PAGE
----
Geneva’s Long Shadow

In April 1782 the first of a series of revolutions that were to change the shape of Europe broke out in the republic of Geneva. It was fuelled by a long rift between advocates of the French Enlightenment and opponents of Franco-Catholic imperialism, as Richard Whatmore explains.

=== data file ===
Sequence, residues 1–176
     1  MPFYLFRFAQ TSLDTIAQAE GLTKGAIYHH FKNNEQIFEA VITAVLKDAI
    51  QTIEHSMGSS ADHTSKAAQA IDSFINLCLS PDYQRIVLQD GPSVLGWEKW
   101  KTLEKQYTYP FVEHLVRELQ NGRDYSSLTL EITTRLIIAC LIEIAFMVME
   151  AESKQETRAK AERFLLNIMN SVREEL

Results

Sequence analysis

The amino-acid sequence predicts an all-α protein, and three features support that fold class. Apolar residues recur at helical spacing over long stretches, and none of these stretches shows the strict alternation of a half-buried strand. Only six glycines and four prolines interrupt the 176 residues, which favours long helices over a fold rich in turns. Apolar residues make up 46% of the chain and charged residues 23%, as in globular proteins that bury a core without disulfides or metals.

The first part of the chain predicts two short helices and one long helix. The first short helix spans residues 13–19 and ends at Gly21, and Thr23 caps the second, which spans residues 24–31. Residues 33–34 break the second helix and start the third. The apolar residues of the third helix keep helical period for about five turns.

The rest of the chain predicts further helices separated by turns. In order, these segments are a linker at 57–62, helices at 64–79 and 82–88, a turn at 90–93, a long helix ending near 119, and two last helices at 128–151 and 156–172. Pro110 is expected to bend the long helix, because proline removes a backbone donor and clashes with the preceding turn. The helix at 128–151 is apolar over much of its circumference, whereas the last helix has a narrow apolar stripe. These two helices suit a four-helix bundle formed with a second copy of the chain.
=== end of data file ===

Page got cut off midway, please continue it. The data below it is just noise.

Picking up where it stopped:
A meeting of the General Council of Geneva that took place outside the City Hall, on Febuary 10th, 1789. Contemporary painting by the Swiss artist Christian Gottfried Geissler. AKG Images/De Agostini Picture LibraryDuring the era of the Enlightenment the republic of Geneva achieved a prominence in the world it had last experienced in the evangelising decades following Jean Calvin’s arrival in the city in July 1536, when it had renounced Catholicism and the shared rule of a bishop and the Duke of Savoy. A number of illustrious Genevans emerged in the 18th century, distinguished in areas including natural philosophy, theology, literature and politics. The latest renaissance owed a debt to Calvin.

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